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Ins and Outs of Pelvic Organ Prolapse

Written By: Elizabeth Oler, MD/OB/GYN

I see women of all ages every day with various types of pelvic organ prolapse. Almost every time I meet someone for their first prolapse visit, they are surprised to hear that it is a relatively common issue, because it’s another one of those women’s health conditions that nobody talks about!  

 

Sometimes, women are sent by a primary physician who notices the prolapse, and they don’t have any symptoms. Other times, women notice the prolapse themselves and understandably get really worried. But fear not! Although it seems scary, your OB/GYN is here to reassure you and steer you in the direction that works for you.  

 

At your prolapse consult visit, your provider will perform a pelvic exam and assess which organs are responsible. Many times, people are surprised that their bladder or rectum itself are not coming out – it's the vagina, with those organs behind it. In the case of uterine prolapse, it can be only the cervix that is exposed. Most people have a combination of several different organs prolapsing, but usually one is  dominant. Here’s a quick rundown of what might be coming out down there! 

 

Cystocele (aka anterior vaginal wall prolapse): this is caused by prolapse of the front wall of the vagina, with the bladder behind dropping down, so what we see is the anterior, or front part of the vagina. 

Rectocele (aka posterior vaginal wall prolapse): this happens when the bowel or rectum is pushing against the posterior wall of the vagina and bulging down. 

Uterine prolapse: this is when the cervix is pushing down from the top of the vagina 

Apical prolapse: this is what we see after a total hysterectomy, when the uterus and cervix have been removed and it is sewn at the top – also known as vaginal cuff, and the top of the vagina is what’s coming down to the opening.  

 

After your exam, we will go through a picture diagram and explain what level of support, from top to bottom of the pelvic floor, that has been compromised. Once you’ve learned what is happening in your body, you can decide if you’d like to proceed with any kind of treatment. The good news is, prolapse is not a health-threatening condition, as long as you can empty your bladder fully, which is very rare and usually only a concern in the most advanced stage cystocele. Here is a basic rundown of the options available to you for management.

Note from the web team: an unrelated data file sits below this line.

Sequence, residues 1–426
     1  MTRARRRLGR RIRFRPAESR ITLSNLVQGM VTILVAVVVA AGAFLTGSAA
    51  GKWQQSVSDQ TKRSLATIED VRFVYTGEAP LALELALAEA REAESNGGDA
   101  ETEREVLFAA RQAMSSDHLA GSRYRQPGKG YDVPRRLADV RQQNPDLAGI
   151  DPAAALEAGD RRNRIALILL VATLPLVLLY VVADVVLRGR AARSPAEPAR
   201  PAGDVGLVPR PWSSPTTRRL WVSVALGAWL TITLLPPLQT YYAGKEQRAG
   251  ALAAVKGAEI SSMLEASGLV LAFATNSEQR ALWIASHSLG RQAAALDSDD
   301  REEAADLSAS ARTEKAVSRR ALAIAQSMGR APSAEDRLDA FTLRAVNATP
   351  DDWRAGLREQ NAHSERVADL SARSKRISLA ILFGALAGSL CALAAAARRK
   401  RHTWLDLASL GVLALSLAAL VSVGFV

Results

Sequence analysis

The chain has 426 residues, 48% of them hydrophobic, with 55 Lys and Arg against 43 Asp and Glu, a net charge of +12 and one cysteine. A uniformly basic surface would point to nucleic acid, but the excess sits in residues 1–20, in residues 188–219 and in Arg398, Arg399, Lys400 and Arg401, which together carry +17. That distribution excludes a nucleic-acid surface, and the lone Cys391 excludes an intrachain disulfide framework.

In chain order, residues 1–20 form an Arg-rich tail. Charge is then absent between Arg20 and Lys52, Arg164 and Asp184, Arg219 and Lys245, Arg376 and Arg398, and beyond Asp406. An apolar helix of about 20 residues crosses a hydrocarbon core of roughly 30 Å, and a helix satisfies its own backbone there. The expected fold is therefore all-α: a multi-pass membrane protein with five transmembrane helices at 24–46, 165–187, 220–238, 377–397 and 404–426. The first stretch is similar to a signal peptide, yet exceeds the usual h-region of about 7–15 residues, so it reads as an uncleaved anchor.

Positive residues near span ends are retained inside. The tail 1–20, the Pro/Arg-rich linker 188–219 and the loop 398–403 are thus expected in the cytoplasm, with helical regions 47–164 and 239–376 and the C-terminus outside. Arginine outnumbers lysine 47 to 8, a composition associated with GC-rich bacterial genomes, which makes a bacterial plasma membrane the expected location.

Do nothing: this is honestly ok! As long as you can empty your bladder, we do not have to intervene on your prolapse at all. We will recommend some pelvic floor and core exercises to practice to help improve your symptoms. But otherwise, it is absolutely fine to hold off on management until it becomes life limiting for you. 

 

Vaginal estrogen: Most women with prolapse are postmenopausal and the weakening of the vaginal tissues from loss of estrogen can be uncomfortable. Vaginal estrogen is a very safe and effective option to help mitigate some of the irritation associated with prolapse and is sometimes all a woman will need to feel comfortable enough to manage without more invasive treatments. 

 

Pelvic floor physical therapy/self-directed pelvic floor exercises: Weakening of the pelvic floor muscles and connective tissues is the primary driver of most types of prolapse, which worsens in menopause with loss of estrogen. In some cases, especially in earlier stages of prolapse, just strengthening those tissues can help reduce the symptoms and slow the progression. Rarely does it reverse it, but it can certainly make a big difference, and we recommend continuing pelvic floor exercises even if you decide to proceed with more advanced treatment. 

 

Pessary: a pessary is a device like a diaphragm that is placed vaginally. It can remain there, just like a tampon would, and because it is an inert silicone material, it is generally well tolerated. Just like a tampon, you will feel it when it goes in and out, but once it’s in place, you won’t feel it (if it fits properly of course!) The pessary can stay in place, even for up to four months at a time, and mechanically holds up the organs like a hammock. A pessary can also help if you have stress incontinence (see previous blog post on urinary incontinence in women!) If you decide on a pessary, you will need to come back to the office for a fitting procedure. It almost always takes a few tries to find the right pessary for you. Once you have the pessary, you will need to come back to see us at least every 3-6 months for a pessary cleaning and checkup. 

 

Surgery: there are many forms of surgery for prolapse, and the type of surgery you qualify for depends on your specific prolapse and its severity. Surgery works much better for some types of prolapse than others. Although it seems like an obvious fix, surgery is not always so straightforward, and occasionally, it fails down the line and the prolapse comes back. However, for women who are motivated and willing to follow strict guidelines to prepare and recover, it can be incredibly effective and life-changing. There are some types of surgery that we do at Mercy, and other more advanced procedures that require a specialist in Eugene/Springfield. Your OBGYN will help guide you in the right direction if surgery is your preference. 

 

Hopefully, this rundown helped you understand the “ins and outs” of pelvic organ prolapse! It is truly complex, and always better to get educated on what is happening so you can make the best choice for your health and well being. We are here to help! 

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